Among the Sleep Review: Restless Nights

May 30th, 2014 -

Do you remember what it’s like to be a little kid, wandering around the house and being alone? What about being afraid of the dark? Maybe you thought there were monsters in the closet or under the bed… Among the Sleep puts you back into that perspective, and takes a look at how the world we see everyday looks quite different to a two-year-old.

The game opens up to you sitting at a table, waiting for your mom to bring over your birthday cake. She’s talking to you as you can look around and fiddle with a ball on the table, throwing it to the ground where it’s lost forever, as any child would. Shortly after being given cake, there is a knock at the door and your mother seems very concerned as she goes to look. You can hear yelling from the front door, and suddenly your vision and hearing are impaired, with blurring around the edges of the screen and static coming through the speakers. Mom then comes back with a present (once you see her, everything is fine again), and you are carried up to your room on her shoulder to see what it is. As she’s opening it, the phone rings and you are left to play in the crib. This is where you actually get a feel for the game, as you learn pretty much all the controls in a safe, normal environment.

As a two-year-old you have two main ways of getting around: crawling and walking. Crawling, unlike most games you play, is actually much faster than walking. You can run while walking as well, though you’ll fall and start crawling after a bit. You can peak around corners when standing, and the aside from interacting with the environment, the only other thing in your arsenal is your Teddy (the gift you got for your birthday). Teddy serves as the narrator for this adventure, coming to life and leading you through the story as you carry him. He also serves as your light in darkness (yes, literally); holding him lights the room around you, providing the comfort a teddy bear gives any child.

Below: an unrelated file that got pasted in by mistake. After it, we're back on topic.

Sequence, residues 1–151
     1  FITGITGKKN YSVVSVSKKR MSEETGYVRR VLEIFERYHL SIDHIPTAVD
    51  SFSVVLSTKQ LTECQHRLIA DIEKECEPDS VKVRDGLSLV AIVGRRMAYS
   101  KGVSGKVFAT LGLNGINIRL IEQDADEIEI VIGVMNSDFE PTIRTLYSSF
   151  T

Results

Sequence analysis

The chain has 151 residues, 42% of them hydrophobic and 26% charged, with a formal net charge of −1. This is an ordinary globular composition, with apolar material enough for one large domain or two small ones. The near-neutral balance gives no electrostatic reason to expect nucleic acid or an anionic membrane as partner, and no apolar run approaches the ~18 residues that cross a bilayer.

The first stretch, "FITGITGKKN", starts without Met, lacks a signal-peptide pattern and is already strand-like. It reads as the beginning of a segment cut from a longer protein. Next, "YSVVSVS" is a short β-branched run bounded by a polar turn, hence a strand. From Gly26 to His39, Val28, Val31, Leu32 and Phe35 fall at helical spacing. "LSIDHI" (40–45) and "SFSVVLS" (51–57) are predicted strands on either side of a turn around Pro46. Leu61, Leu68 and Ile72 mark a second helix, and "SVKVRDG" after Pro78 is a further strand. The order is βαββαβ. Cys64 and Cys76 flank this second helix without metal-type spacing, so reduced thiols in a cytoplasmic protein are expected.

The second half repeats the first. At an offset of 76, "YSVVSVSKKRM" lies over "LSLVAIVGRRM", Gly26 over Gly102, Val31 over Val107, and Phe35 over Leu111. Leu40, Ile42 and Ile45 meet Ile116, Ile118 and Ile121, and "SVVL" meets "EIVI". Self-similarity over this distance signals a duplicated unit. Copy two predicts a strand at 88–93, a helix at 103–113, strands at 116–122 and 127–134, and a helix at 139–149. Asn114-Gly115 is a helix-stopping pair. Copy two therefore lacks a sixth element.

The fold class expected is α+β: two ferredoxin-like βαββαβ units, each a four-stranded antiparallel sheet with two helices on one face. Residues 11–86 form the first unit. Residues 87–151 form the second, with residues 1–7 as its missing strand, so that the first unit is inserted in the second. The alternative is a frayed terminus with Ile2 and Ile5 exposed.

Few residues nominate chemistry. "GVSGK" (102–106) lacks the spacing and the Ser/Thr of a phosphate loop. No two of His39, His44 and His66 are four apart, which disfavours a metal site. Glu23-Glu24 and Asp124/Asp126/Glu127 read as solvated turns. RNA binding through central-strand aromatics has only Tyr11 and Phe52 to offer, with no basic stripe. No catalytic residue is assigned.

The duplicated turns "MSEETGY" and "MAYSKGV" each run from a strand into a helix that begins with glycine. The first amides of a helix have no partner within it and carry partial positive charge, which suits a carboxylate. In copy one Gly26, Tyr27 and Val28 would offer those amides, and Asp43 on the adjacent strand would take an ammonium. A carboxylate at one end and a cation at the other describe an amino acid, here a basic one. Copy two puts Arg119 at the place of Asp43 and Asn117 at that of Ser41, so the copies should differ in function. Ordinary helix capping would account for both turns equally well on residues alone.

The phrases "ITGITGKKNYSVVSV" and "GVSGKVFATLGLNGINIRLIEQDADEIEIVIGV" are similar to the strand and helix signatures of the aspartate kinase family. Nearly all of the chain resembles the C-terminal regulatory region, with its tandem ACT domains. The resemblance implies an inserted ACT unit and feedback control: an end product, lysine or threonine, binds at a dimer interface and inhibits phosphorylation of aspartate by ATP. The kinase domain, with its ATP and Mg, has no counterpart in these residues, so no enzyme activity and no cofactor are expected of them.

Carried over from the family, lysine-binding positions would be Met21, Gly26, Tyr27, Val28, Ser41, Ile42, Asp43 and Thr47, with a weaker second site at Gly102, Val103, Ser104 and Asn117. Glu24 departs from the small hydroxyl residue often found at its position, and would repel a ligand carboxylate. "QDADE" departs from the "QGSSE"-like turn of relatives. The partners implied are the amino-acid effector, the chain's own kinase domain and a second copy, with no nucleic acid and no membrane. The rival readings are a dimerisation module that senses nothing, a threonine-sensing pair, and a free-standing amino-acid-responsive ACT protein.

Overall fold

So how scary is it? Well, as you can probably imagine, a child the age of two may get into a lot of stuff, but they don’t do much in regards to … impact. You climb up objects to open doors, crawl under things to hide, and that’s all you can really do when the big baddies come around. In order to get the full effect from the game, you need to forget what you know about the world around you and accept it as a scary place – that heater starting up could just as easily be a monster waiting to get you. Honestly, the game feels like a horror game from the very beginning. Not because it’s supposed to, but the dialogue and some of the animation just makes it feel that way. The lines being delivered (especially by the mom) never sound caring or in your best interest. Teddy especially is a bit of a jerk: hey, I’ve got something to show you, but we need it to be completely dark. Seems legit. Nothing bad ever happened in the dark as a little kid. Then he says he hopes there aren’t any monsters. Seriously Teddy? You aren’t helping. Foreshadowing and perhaps voicing how you feel as a kid, but definitely not helping.